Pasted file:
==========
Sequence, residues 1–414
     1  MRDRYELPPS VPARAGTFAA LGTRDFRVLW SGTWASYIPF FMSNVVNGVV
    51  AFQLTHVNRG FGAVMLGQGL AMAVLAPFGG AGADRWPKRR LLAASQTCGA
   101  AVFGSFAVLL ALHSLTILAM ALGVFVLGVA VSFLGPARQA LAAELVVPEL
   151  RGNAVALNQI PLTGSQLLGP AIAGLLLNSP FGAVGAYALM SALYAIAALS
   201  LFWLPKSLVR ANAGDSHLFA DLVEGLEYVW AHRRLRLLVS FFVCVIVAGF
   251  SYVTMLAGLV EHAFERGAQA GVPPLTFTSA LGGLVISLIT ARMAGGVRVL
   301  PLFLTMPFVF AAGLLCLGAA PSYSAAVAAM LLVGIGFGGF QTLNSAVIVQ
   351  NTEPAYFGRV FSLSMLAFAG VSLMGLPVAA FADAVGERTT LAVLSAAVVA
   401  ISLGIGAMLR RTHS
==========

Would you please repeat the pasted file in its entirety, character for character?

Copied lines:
Sequence, residues 1–414
     1  MRDRYELPPS VPARAGTFAA LGTRDFRVLW SGTWASYIPF FMSNVVNGVV
    51  AFQLTHVNRG FGAVMLGQGL AMAVLAPFGG AGADRWPKRR LLAASQTCGA
   101  AVFGSFAVLL ALHSLTILAM ALGVFVLGVA VSFLGPARQA LAAELVVPEL
   151  RGNAVALNQI PLTGSQLLGP AIAGLLLNSP FGAVGAYALM SALYAIAALS
   201  LFWLPKSLVR ANAGDSHLFA DLVEGLEYVW AHRRLRLLVS FFVCVIVAGF
   251  SYVTMLAGLV EHAFERGAQA GVPPLTFTSA LGGLVISLIT ARMAGGVRVL
   301  PLFLTMPFVF AAGLLCLGAA PSYSAAVAAM LLVGIGFGGF QTLNSAVIVQ
   351  NTEPAYFGRV FSLSMLAFAG VSLMGLPVAA FADAVGERTT LAVLSAAVVA
   401  ISLGIGAMLR RTHS